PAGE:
In Megyn Kelly Interview, Robert Shapiro Didn’t Seem Convinced of O.J.’s Innocence
While watching Tuesday night’s Megyn Kelly Special with Robert Shapiro, I was struck by how carefully the former O.J. Simpson attorney picked his words. During his first interview about the trial in more than 20 years, Shapiro had the opportunity to stand behind Simpson’s innocence. That didn’t happen. What did emerge was a Robert Shapiro who was convinced that he had helped win ‘legal justice’ for Simpson. But he left it at just that — legal justice.
The most revealing moment came when Fox Host Megyn Kelly asked Shapiro what he thought was the biggest takeaway from the case. He answered:
There is moral justice and there is legal justice. And when that not guilty verdict was rendered, I felt legal justice was done. As far as moral justice, I haven’t discussed it with anyone including my wife.
Clearly, legal justice is very different from moral justice, and Mr. Shapiro knows this. He chose his words for a reason.
Shapiro also offered up a theory about the 1994 murder of Nicole Brown Simpson and Ron Goldman. “The prosecution wedded themselves to one knife, one killer theory. I think it was pretty clear that it was within reasonable medical probability that more than one knife was used. There is a strong possibility that more than one person was involved,” he said.
As for what O.J. Simpson whispered in his ear during that famous news clip? “You had told me this would be the result from the beginning, you were right,” Shapiro recounted.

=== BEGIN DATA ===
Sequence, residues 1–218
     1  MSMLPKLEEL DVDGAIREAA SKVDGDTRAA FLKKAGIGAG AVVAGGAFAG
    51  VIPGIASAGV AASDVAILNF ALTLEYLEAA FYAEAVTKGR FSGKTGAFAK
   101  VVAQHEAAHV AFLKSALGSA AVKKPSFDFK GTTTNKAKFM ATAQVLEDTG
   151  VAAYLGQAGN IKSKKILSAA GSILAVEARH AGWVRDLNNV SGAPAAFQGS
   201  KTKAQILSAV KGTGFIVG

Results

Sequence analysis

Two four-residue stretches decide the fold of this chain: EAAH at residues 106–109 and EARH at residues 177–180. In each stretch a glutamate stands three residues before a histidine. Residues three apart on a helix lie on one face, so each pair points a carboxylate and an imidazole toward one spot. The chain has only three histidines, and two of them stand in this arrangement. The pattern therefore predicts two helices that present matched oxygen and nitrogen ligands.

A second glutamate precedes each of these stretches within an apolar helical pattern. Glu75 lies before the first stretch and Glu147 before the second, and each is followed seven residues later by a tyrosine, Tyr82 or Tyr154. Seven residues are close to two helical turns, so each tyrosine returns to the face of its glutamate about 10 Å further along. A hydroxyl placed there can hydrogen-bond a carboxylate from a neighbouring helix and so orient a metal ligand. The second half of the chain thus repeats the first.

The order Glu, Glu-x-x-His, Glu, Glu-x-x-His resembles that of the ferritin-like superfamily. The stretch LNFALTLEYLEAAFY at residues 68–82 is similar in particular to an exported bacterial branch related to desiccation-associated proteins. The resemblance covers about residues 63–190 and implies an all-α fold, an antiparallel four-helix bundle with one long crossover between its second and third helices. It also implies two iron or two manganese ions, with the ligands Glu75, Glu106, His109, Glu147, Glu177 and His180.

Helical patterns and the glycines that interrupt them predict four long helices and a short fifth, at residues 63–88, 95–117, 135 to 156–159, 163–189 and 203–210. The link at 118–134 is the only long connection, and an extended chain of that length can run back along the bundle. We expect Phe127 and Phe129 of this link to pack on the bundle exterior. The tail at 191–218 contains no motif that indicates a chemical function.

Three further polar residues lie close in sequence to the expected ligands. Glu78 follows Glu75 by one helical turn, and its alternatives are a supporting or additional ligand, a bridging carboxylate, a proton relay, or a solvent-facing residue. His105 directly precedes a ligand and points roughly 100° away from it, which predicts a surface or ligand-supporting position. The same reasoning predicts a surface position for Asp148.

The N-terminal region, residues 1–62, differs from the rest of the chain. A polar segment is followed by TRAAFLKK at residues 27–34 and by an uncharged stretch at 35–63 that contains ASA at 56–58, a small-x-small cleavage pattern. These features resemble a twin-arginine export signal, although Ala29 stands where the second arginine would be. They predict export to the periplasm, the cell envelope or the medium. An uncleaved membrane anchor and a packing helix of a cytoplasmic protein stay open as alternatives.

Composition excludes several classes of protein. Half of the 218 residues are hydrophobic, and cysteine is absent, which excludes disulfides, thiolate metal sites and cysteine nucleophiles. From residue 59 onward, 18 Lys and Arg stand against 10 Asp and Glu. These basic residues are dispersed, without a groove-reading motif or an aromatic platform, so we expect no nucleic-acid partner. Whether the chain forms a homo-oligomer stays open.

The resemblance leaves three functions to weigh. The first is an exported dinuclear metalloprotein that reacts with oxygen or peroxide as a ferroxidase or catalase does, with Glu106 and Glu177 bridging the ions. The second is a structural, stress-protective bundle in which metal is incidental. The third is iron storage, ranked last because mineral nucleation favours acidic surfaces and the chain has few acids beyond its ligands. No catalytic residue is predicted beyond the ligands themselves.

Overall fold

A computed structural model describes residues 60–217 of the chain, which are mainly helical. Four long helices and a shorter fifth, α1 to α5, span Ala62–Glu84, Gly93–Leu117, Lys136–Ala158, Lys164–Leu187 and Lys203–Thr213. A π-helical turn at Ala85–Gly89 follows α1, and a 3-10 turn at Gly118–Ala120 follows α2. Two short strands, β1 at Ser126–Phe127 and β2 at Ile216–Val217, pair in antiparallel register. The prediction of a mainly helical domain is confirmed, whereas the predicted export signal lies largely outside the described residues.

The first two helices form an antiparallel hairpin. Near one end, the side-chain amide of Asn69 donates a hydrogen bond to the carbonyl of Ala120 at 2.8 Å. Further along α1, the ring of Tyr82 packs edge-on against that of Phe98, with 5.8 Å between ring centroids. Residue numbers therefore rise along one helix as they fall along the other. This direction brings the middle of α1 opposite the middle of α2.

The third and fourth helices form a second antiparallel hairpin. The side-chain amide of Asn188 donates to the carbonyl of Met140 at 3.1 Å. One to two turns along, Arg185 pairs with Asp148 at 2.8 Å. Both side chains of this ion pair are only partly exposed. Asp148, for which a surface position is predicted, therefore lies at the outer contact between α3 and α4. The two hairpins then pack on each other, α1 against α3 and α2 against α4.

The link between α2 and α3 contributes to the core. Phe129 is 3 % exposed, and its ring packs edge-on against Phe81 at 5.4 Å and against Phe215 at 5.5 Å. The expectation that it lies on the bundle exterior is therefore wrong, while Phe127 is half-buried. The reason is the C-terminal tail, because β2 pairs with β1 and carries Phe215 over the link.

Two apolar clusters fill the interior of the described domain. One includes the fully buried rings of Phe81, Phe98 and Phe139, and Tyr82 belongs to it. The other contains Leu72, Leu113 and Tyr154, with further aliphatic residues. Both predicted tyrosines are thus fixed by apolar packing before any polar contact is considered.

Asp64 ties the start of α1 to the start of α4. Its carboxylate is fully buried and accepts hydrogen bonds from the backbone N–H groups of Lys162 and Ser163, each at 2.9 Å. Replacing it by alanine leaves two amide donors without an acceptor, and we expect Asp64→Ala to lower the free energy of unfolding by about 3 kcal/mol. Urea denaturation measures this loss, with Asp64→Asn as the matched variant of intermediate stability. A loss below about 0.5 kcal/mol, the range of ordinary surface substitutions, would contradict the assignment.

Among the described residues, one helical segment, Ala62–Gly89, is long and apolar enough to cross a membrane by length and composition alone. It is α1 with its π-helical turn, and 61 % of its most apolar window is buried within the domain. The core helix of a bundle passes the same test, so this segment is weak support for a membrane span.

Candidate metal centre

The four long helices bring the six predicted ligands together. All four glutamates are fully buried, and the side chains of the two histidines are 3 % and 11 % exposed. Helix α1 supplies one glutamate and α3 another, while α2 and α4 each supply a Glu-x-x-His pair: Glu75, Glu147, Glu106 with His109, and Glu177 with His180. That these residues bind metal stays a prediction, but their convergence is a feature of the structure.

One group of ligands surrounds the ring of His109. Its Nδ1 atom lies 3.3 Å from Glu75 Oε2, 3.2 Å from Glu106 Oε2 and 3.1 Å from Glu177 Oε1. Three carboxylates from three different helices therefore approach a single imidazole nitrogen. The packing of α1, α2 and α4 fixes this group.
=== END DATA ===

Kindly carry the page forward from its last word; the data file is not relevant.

There were two points in the interview which revealed that Simpson and Shapiro clearly had a very strained relationship — if any at all now.
Firstly, Shapiro said he was taken back when O.J. Simpson appeared in media footage laughing and posing for pictures following the verdict.
“I thought it was inappropriate … two people were dead, there should be some respect, certainly for your ex-wife,” Shapiro said.
Another telling moment came when Kelly asked Shapiro if Simpson had called him when he got in trouble for armed robbery in 2007. Shapiro was quick to say he never received a call.
“I wouldn’t have taken the case in any event … he still owed me money from the first one,” Shapiro said. You could sense the tension in the relationship.
Since the trial, Shapiro has gone on to have a very successful legal career including founding legalzoom.com. He’s talked very little about the case that threw him into the national spotlight. On Tuesday night, once again, Shapiro left us with many, many more unanswered questions. One key question which would have provided more clarity: Does he believe O.J. Simpson is innocent? Kelly didn’t ask it, at least not in the clips that made it into the primetime special. I sure wish she had.
Have a tip we should know? email@example.com